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16 février 2013 6 16 /02 /février /2013 20:09

Middle east


Feb. 16, 2013 - By PIERRE TRAN – Defense news


ABU DHABI – British and French defense ministers pointed to longstanding strategic relations with Arabian Gulf countries as they sought Feb. 16 to boost industry and military ties with the energy-rich region, a big buyer of equipment looking to develop local businesses.


French defense minister Jean-Yves Le Drian, in a keynote speech at the Gulf Defense Conference, said Paris seeks not a commercial relationship but a “real strategic partnership founded on confidence,” with co-development and co-production projects in armaments and defense.


The high-level conference, organized by Inegma, is tied to the International Defense Exhibition and Conference (IDEX) opening Feb. 17.


The French presence at the IDEX trade show shows France is ready to deepen partnerships in high technology areas with the United Arab Emirates, Le Drian said.


Paris hopes to sell the Rafale fighter to Abu Dhabi and faces competition from the Eurofighter Typhoon, Lockheed Martin F-16 and Boeing F-18. Lockheed hopes later to sell the F-35 Joint Strike Fighter to the UAE.


France also hopes to win a UAE tender for 700 armored vehicles, with state-owned Nexter bidding against the Patria AMV from Finland.


“There’s one chance in two,” an announcement could be made at the IDEX show, a Nexter executive said.


In wide ranging remarks on policy, Le Drian said there is no compromise possible with “terrorism,” that France should have the political will to commit, when necessary, to helping “friends, allies, and partners” and to uphold its convictions.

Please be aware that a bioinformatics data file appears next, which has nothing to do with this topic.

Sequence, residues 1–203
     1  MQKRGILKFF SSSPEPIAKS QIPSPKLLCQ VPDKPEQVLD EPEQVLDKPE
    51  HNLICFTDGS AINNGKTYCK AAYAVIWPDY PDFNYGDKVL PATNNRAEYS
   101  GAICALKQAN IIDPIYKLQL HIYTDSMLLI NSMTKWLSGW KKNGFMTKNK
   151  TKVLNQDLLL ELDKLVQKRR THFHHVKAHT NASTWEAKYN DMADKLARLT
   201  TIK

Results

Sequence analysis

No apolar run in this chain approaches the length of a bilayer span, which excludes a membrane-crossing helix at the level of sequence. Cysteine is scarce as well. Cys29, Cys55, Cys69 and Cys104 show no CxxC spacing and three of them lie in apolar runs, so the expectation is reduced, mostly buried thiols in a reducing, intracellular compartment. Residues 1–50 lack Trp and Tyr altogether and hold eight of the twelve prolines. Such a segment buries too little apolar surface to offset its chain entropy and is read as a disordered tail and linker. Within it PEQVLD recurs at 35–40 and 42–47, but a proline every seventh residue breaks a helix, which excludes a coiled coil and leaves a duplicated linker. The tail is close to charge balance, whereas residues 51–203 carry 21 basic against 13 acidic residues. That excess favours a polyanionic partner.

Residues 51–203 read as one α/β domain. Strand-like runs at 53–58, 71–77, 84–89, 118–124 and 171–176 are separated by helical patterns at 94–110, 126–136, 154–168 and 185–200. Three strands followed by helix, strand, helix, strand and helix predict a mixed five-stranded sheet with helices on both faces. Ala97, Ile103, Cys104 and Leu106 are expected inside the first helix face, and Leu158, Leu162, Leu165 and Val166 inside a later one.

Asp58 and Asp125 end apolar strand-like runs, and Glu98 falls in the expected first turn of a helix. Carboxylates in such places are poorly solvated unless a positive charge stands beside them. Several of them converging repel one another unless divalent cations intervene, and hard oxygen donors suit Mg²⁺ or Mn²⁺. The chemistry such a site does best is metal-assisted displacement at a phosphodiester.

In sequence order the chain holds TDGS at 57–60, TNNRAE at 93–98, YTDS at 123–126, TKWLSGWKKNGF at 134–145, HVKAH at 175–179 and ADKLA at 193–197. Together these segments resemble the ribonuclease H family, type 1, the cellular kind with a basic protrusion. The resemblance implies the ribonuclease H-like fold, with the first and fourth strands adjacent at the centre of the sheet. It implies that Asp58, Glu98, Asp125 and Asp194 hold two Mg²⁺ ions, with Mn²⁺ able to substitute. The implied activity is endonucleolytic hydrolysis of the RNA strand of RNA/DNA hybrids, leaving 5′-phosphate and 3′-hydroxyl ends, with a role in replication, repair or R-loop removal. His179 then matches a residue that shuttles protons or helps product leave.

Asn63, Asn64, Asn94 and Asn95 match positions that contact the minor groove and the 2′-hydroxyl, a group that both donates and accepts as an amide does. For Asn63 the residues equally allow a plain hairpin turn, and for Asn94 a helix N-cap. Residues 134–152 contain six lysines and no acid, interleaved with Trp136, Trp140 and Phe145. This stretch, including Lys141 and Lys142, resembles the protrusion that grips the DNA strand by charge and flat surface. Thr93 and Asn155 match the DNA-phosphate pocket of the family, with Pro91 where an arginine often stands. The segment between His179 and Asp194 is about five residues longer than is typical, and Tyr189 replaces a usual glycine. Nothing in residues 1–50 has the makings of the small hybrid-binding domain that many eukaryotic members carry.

“We have to maintain the capacity to react militarily far from our borders,” Le Drian said. “Long-range strike, intelligence, aerial refueling, and special operations forces are essential capabilities,” he said.


Strong links between France and Arab world carried “responsibilities and duties,” Le Drian said. Over 40 years, France has become one of the leading defense partners with the Gulf Cooperation Council, signing several defense cooperation agreements, he said.


The creation of a French permanent military base in Abu Dhabi showed Paris’ responsibility as a “world power” to help contribute to a world balance, he said.


The base is part of a relationship, which includes military cooperation, exercises, close operational ties which are strengthened by the fact “our forces are equipped with common equipment,” Le Drian said.


“Engagement is not a vain word, or a pious wish. When a state friend needs help, France replies ‘present,’” he said.


Le Drian pointed to three major crises: a perceived threat of nuclear proliferation in Iran, and conflicts in Syria and Mali.


In Syria, a political transition is needed, in which president Bashar al-Assad “has no place,” Le Drian said.


Nuclear proliferation, international terrorism, chemical warfare and regional destabilization are the big threats, he said.


France is committed to security and stability in the region, Le Drian said.


Flights of Mirage 2000-9 and F-16 Block 60 fighters flew in formation over the conference held at the Armed Forces Officers Club.